Fiordland Crested Penguins

5 Interesting Facts about Fiordland Crested Penguins

The ‘Fiordland Crested Penguins’ also known as ‘Eudyptes pachyrhynchus’ (Fiordland Penguin) or in Māori, ‘Tawaki’ or ‘Pokotiwha’, the ‘thick-billed penguin’ and also the ‘Victoria penguin’ is often spotted when on one of our overnight cruises in Doubtful Sound much to the delight of our passengers too as they are not found everywhere and in fact their numbers are decreasing worldwide.

As a result we often get asked lots of questions about them and thought we’d answer some of the more commonly asked ones here for you in case you too would like to learn more about this rare but fascinating bird.

Some typical questions we get about Fiordland Crested Penguins:

  1. Where do Fiordland crested penguins live?
    The Fiordland Penguin nests in colonies among tree roots and rocks in thick forested areas commonly found in South Island and Stewart Island in New Zealand. (2)
  2. How and where do they breed?
    Breeding takes place along the shores of the West Coast of the South Island around Fiordland, a place called the Foveaux Strait, on Stewart Island and also its surrounding islands. (3)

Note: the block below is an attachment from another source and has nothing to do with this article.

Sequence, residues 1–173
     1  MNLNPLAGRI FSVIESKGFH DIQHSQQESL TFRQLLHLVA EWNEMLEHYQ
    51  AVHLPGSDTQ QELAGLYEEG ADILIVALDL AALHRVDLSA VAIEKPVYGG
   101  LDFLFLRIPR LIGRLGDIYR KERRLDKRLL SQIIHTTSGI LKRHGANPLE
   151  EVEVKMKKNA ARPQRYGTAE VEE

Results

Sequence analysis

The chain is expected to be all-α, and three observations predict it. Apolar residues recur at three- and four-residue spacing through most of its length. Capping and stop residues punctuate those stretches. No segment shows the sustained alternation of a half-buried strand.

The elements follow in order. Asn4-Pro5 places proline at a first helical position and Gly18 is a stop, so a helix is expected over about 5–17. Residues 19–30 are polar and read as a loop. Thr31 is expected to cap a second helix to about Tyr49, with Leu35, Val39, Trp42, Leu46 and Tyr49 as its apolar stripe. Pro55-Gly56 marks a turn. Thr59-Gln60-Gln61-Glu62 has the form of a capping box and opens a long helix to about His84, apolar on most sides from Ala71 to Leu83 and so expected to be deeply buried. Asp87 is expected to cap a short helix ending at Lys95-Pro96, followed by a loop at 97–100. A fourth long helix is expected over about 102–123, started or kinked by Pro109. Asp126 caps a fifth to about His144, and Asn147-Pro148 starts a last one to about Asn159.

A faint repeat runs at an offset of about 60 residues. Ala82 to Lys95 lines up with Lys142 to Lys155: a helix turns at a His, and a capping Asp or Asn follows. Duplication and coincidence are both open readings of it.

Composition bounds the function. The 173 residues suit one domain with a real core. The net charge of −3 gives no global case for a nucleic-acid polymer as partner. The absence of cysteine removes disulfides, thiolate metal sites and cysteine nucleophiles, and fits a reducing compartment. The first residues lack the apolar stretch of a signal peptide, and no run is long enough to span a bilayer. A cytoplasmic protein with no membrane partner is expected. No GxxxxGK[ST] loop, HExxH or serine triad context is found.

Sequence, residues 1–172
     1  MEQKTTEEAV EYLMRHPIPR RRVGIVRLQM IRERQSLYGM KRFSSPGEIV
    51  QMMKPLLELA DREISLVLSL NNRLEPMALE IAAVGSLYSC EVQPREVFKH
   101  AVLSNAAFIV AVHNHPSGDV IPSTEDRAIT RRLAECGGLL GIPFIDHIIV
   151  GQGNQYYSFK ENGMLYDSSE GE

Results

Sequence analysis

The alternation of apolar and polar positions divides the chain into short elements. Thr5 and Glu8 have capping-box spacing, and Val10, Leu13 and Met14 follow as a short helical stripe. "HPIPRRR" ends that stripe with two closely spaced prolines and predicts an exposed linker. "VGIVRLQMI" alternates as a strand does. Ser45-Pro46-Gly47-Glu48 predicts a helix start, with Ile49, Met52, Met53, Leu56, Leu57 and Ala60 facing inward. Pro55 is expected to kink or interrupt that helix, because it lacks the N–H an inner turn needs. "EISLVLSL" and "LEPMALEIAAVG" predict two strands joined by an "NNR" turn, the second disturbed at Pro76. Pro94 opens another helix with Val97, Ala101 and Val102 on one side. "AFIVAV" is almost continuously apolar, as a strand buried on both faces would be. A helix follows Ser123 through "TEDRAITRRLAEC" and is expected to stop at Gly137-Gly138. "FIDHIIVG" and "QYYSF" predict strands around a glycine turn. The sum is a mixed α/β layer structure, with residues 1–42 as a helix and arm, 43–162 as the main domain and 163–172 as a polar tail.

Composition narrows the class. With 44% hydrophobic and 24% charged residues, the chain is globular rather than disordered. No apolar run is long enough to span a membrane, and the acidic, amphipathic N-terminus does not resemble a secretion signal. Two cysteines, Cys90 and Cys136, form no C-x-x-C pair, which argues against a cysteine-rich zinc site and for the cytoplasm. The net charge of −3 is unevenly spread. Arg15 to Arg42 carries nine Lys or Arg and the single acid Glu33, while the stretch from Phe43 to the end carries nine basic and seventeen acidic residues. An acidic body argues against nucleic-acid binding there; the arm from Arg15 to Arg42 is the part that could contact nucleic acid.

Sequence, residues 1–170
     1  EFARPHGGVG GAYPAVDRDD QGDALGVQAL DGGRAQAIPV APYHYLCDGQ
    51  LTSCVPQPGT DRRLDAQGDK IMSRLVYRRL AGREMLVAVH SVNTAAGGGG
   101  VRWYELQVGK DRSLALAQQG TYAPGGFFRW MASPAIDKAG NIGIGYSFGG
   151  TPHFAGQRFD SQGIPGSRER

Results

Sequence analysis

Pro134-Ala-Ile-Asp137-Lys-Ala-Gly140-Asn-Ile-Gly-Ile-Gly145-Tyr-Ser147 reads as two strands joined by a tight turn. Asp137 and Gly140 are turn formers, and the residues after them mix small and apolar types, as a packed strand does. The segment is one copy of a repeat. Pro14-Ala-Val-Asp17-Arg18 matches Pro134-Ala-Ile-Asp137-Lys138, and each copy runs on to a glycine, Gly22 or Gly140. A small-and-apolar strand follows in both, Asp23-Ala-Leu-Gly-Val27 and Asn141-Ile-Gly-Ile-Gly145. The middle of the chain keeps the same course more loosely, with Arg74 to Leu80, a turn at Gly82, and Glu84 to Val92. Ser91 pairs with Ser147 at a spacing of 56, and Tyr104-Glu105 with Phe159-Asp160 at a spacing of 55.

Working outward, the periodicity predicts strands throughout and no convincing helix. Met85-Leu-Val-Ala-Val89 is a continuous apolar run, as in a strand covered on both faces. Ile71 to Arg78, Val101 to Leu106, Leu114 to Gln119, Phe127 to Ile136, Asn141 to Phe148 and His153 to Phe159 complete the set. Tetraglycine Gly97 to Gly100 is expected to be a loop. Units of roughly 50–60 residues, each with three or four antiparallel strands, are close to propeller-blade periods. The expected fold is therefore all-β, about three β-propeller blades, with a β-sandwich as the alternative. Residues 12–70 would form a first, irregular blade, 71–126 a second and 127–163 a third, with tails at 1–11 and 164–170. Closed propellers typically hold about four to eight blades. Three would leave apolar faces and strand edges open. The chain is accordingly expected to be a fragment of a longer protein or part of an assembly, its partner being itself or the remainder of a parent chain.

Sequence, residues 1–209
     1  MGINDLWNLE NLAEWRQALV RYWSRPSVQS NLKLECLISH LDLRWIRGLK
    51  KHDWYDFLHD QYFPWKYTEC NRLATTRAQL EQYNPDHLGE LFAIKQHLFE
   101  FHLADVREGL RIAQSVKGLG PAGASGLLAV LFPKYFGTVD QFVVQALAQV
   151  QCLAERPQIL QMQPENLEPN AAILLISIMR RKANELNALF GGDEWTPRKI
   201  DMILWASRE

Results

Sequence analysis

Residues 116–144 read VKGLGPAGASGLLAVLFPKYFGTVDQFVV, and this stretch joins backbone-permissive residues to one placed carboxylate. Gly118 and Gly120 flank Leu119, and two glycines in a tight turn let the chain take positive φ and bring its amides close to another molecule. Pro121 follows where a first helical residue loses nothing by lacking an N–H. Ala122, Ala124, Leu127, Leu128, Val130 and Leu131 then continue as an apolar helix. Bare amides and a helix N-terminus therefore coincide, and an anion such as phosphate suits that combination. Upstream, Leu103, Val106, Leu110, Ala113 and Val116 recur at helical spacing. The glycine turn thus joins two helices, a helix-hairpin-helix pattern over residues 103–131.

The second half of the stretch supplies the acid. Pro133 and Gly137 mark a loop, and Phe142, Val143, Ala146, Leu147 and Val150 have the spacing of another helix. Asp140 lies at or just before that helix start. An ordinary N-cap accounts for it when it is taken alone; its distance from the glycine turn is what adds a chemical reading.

The males arrive at a site they select around late June, early July ahead of the females who tend to arrive two weeks later. After mating they typically lay two pale green eggs (one normally larger than the other) amongst stones, trees roots or in small holes in the ground.

    Incubation lasts for around 4-6 weeks and once the young have hatched the male tends to be the guy who stands on guard whilst the female goes off to catch food which she then regurgitates to feed the chick.

    After the 10 week mark the chick moults and leaves the nesting site returning to breed after 5 years have passed. (5)

  3. What do Fiordland crested penguins eat?
    The penguin primarily eat krillfish (mainly red cod or hoki), and arrow squid. To catch their food they take short dives to rummage around the sea bed and sand. (1)
  4. How big is a Fiordland penguin?
    This particular species is a medium-sized, is a yellow-crested, black-and-white and grows to approximately 60 cm (24 in) in height and weighs in at around 3.7 kg, but can go up to 5.95 kg in weight. (3) Not too far off a small pack of potatoes at the supermarket we thought!

    In fact if you would like to see some more pictures of Fiordland Penguins, the NZ Birds Online have some good ones where you can see what the young look like, some of them nesting and even the greeny-brown eggs they lay. Goto:

  5. Are Fiordland penguins endangered?
    According to the ‘Encyclopedia of Life’ they are vulnerable and their numbers of decreasing worldwide. (5)

    In fact there are approximately only 3000 breeding pairs left in the world! (6) At last nest count there were 2,260 left in New Zealand. (7)

a cruisey fiordland crested penguin

Come cruising in Doubtful Sound with the Fiordland Crested Penguins – In fact this one looks pretty ‘cruisey’!

Please go to to find out more information.